Why it matters
The kerbside recycling bin was introduced in Australia in the 1980’s to help recover used paper and packaging from households that is suitable for re-manufacturing into new products and, importantly, to reduce the amount of material sent to landfills. Effective recycling also plays a significant role in reducing society’s reliance on using new resources for the manufacture of products.
What happens to your household recycling?
Your household recycling bin contents are collected and delivered to a Materials Recovery Facility (often referred to as a MRF). Visy owned or managed MRFs receive and sort recycling from over 3.8 million households each year.
At a Visy MRF, your recycling is then sorted, using manual and automated systems, into material groups including cardboard and paper, glass, plastics and metals like food cans and beverage cans. The sorted material is baled ready for further processing and re-manufacture, primarily within Visy’s own operations.
On average, Visy’s re-manufacturing operations has a solution for over 80% of kerbside recycling bin contents. These contents are routinely processed and primarily re-made into new packaging products, by Visy, right here in Australia and New Zealand.
With over 20 recycling operation sites across the region, we receive more than 2 million tonnes of recyclables each year. That’s the equivalent of 400,000 loads of recycling in five tonne collection trucks – more than 1,095 truckloads every single day!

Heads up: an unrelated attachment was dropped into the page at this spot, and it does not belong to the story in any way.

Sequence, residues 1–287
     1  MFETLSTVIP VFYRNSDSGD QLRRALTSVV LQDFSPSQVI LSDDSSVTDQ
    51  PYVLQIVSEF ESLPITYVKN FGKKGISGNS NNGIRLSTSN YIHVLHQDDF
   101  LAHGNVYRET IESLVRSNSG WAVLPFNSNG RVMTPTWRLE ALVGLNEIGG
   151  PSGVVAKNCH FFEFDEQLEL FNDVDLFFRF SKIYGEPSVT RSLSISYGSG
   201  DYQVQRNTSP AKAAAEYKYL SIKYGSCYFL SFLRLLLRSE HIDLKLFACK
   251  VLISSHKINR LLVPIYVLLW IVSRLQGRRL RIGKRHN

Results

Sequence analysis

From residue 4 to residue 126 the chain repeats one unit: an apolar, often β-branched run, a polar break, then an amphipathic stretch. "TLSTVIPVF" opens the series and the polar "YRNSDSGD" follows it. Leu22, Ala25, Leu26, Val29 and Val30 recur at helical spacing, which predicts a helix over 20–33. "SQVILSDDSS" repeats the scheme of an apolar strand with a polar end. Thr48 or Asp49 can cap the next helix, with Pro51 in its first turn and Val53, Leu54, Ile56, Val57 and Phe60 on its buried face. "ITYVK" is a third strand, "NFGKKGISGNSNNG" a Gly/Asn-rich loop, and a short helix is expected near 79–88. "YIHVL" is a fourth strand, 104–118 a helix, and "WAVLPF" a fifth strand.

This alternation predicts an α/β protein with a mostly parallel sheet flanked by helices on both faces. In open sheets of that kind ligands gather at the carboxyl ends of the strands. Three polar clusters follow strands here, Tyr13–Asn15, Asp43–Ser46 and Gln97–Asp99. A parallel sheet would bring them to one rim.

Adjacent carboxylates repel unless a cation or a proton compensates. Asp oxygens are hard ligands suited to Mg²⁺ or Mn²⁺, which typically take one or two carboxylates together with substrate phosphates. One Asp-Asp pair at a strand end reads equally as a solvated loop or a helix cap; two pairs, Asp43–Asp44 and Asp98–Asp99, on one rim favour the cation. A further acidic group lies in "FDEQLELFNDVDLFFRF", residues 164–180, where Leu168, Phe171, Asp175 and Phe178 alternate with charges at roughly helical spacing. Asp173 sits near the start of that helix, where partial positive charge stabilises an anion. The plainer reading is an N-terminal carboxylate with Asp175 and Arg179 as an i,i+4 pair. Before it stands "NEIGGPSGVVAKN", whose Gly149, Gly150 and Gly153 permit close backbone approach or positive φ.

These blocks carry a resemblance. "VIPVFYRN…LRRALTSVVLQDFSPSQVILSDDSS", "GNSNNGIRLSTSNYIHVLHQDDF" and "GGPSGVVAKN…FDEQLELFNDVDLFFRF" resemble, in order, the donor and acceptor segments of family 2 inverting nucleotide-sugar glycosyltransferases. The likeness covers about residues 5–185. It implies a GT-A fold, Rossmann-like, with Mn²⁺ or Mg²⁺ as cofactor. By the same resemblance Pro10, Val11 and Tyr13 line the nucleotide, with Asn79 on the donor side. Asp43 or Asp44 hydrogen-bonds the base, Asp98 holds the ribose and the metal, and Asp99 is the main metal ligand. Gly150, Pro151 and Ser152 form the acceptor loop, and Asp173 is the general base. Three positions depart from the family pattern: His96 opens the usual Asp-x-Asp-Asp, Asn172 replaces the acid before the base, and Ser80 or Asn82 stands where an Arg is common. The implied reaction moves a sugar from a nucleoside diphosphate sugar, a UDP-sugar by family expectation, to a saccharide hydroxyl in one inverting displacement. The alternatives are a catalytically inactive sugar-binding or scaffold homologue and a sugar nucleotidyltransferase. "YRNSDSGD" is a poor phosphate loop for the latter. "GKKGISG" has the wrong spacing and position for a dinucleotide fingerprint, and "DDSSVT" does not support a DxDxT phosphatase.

Read more about our circular economy model on recyclable materials here.
acceptable items to place in your household recycling bin
It can be confusing to know what is and isn’t accepted in your household recycling bin. While the majority of household paper and packaging is the same from council to council, the differences can be due to the sorting and processing capabilities of the waste recovery facility your recycling goes to. If you’re not sure, a great first place to check is with your local council.
If your recycling is sent to a Visy MRF, then the following is our guide for what can be placed in your household recycling bin.
Anything not listed, please check with your local council.
Paper and Cardboard
Envelopes (even with windows)
Printed paper (even with staples)
Large packaging boxes (not waxed)
Magazines (no soft plastic wrapping)
Sauce bottles and jars
Condiment & food jars
Milk & beverage bottles
Ice cream containers
Why certain items are not accepted for recycling
The MRF processing systems for household recycling is intended to help recover materials discarded in the home that can be re-processed for re-use. As a general rule, this means used paper products and packaging commonly found in your kitchen, bathroom and laundry.
While other used items may be able to be recycled, they do not belong in the household recycling bin as the MRFs are not able to sort and collect these and may end up in landfill rather than finding a new life. Your local council will be able to help with other, specialist recycling services in those cases.
When incorrect types of materials end up in kerbside recycling bins they can impact the readily recyclable material that is able to be processed. This can reduce how much material can be effectively recovered for re-use.
Issues also arise when hazardous items are placed in household recycling bins, creating a risk to the safety of collections and sorting teams.
The following list is a good start to learn what you should not place in your recycling bins if the contents are being sent to a Visy MRF. Please also check with your local council for more information.
*Check with your council as dedicated, specialist recycling programs may exist.
Batteries and electronics
Electrical electronic items
Garden and organics
Download our handy reference for your home, school or workplace kitchen Household Recycling guide.